Verizon and IBM have agreed to work together on 5G and edge computing. The collaboration will combine the high speed and low latency of Verizon’s 5G and Multi-access Edge Compute (MEC) capabilities, IoT devices and edge sensors with IBM’s expertise in AI, hybrid multicloud, edge computing, asset management and connected operations.

Emerging real time and near real time use cases require infrastructure that is far more flexible and decentralized than the center-out approach of the past. More data and telecom capabilities need to be located closer to where they will be used. This is at the edge of the network.

Re-architecting the network in this way is complex. The first deliverables from the collaboration – which is tied to the future of what the companies call “Industry 4.0” – will address mobile asset tracking and management. Specifically, the projects will detect, locate, diagnose and respond to system anomalies, monitor asset health and help predict failures in near real-time.

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Verizon will contribute elements of its wireless networks, including its 5G Ultra Wideband (UWB) network and MEC as well as its ThingSpace IoT Platform and Critical Asset Sensor solution (CAS). Big Blue will contribute its Maximo Monitor with IBM Watson and advanced analytics.

Other projects include near real-time cognitive automation for industrial environments. “This collaboration is all about enabling the future of industry in the Fourth Industrial Revolution,” Verizon Business CEO Tami Erwin said in a press release. “Combining the high speed and low latency of Verizon’s 5G UWB Network and MEC capabilities with IBM’s expertise in enterprise-grade AI and production automation can provide industrial innovation on a massive scale and can help companies increase automation, minimize waste, lower costs, and offer their own clients a better response time and customer experience.”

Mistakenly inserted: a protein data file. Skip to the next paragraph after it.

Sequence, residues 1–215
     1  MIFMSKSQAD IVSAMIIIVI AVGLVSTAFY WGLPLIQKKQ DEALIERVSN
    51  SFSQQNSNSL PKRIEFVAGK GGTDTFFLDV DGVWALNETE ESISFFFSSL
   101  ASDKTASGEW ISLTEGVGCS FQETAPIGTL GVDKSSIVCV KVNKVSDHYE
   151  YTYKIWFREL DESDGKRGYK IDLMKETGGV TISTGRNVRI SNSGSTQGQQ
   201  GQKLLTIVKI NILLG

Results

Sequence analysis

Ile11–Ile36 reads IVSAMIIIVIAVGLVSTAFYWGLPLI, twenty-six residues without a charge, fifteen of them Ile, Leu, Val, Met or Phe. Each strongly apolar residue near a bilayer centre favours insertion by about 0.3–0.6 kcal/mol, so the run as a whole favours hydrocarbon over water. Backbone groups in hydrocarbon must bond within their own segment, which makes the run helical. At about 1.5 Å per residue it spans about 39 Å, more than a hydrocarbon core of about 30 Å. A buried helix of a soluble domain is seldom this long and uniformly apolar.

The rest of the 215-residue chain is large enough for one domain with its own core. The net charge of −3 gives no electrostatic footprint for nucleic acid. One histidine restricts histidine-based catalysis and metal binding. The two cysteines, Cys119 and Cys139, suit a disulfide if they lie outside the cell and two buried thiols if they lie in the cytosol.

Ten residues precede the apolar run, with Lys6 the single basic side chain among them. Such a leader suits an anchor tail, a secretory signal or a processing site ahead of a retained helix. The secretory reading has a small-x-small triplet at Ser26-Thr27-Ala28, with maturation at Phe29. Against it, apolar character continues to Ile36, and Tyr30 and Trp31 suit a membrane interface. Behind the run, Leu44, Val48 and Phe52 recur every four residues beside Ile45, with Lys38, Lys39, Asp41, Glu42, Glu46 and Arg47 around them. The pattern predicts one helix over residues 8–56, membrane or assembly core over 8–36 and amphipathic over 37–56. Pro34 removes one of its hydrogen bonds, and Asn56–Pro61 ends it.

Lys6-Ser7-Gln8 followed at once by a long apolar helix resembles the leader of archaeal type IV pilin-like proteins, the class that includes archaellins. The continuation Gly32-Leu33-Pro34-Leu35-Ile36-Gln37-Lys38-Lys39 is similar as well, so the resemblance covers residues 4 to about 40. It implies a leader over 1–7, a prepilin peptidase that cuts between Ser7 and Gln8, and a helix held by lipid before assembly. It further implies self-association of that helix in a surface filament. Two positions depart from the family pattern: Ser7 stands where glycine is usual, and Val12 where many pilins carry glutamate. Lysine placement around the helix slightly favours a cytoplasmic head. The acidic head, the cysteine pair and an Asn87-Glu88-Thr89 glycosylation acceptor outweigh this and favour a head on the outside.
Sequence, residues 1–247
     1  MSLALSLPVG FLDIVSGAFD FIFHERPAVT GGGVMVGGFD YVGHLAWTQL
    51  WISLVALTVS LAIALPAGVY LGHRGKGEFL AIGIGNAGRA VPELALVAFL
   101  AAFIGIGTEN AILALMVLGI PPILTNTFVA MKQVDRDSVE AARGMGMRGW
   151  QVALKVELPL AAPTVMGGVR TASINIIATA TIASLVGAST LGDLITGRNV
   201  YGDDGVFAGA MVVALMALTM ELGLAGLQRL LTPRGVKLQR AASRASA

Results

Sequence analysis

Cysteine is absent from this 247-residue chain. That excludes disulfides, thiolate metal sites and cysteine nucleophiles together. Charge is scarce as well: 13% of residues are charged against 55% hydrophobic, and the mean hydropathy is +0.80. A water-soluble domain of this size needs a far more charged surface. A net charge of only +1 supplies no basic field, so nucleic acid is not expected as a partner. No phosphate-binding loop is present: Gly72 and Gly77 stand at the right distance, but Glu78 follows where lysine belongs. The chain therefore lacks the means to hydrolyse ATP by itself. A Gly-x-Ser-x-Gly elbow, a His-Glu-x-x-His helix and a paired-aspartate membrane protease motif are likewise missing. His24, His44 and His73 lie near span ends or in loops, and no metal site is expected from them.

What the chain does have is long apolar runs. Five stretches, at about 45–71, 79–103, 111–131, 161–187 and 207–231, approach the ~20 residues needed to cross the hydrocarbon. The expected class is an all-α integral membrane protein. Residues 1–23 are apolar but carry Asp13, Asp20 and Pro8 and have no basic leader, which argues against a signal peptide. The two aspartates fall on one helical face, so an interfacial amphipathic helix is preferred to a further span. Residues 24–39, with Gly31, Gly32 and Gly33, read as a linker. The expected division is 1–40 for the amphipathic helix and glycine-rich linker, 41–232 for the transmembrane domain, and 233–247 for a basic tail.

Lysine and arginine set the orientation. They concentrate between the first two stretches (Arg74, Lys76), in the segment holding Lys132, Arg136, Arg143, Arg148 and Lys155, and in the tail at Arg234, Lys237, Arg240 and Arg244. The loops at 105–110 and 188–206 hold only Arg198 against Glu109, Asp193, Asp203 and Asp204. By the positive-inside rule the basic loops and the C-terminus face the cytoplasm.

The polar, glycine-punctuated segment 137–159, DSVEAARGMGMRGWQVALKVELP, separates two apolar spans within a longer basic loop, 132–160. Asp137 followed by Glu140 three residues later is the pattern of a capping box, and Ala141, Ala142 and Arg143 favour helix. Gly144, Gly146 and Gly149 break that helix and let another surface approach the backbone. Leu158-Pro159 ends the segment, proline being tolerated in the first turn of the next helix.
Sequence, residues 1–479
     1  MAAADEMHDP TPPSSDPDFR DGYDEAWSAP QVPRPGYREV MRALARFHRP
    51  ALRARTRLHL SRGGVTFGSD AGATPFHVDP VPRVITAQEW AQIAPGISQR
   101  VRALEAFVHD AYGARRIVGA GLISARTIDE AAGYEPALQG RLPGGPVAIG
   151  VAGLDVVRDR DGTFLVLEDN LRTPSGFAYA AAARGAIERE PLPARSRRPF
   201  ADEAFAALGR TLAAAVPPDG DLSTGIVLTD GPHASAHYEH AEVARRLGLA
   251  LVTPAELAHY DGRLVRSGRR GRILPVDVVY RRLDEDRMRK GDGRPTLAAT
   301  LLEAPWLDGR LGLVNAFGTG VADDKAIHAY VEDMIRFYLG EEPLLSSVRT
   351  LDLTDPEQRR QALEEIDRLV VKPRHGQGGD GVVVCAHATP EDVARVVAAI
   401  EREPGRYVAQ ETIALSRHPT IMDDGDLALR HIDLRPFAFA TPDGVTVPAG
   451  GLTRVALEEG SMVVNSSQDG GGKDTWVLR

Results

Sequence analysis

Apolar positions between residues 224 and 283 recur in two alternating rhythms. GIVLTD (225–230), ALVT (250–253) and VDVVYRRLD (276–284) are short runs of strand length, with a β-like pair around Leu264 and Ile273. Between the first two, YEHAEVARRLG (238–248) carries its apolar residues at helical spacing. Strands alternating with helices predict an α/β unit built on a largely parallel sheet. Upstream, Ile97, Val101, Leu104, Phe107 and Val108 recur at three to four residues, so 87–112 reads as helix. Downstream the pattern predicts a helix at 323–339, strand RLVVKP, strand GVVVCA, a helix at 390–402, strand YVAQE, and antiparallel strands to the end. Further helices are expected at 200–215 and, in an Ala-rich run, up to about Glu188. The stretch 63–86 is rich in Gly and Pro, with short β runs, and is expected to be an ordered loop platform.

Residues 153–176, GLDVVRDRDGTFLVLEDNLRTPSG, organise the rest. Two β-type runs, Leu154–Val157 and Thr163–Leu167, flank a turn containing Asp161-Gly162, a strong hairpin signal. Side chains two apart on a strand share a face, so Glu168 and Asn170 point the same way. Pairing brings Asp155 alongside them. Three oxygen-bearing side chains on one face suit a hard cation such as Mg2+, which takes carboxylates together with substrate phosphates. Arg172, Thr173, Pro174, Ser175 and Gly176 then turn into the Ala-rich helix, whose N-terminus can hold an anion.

Verizon and IBM also plan to collaborate on potential joint solutions to address worker safety, predictive maintenance, product quality and production automation.

In related news, Verizon said today that The 5G Future Forum will release two sets multi-access edge computing specifications during the third quarter of the year. The MEC Experience Management specification “defines a set of intent-based APIs for functional exposure of edge and workload discovery with potential expansion to include future MEC functions and capabilities which are driven by network intelligence.” The MEC Deployment specifications define “the set of specifications to enable hyperscalers and service providers to deploy and integrate global MEC physical frameworks, including facilities (e.g. power and cooling), monitoring, operational considerations, and security.”

The 5G Future Forum, which was formed in January, consists of América Móvil, KT Corp., Rogers, Telstra, Verizon, and Vodafone.

The migration of processing and storage assets to the edge represents a significant shift in telecommunications and IT. Major potential benefactors are rural areas since they by definition are at the edge. Earlier this month, DartPoints’ President and CEO Scott Willis and Chief Development Officer Loren Long described to Telecompetitor how content caching at the edge can benefit rural and other underserved areas. 

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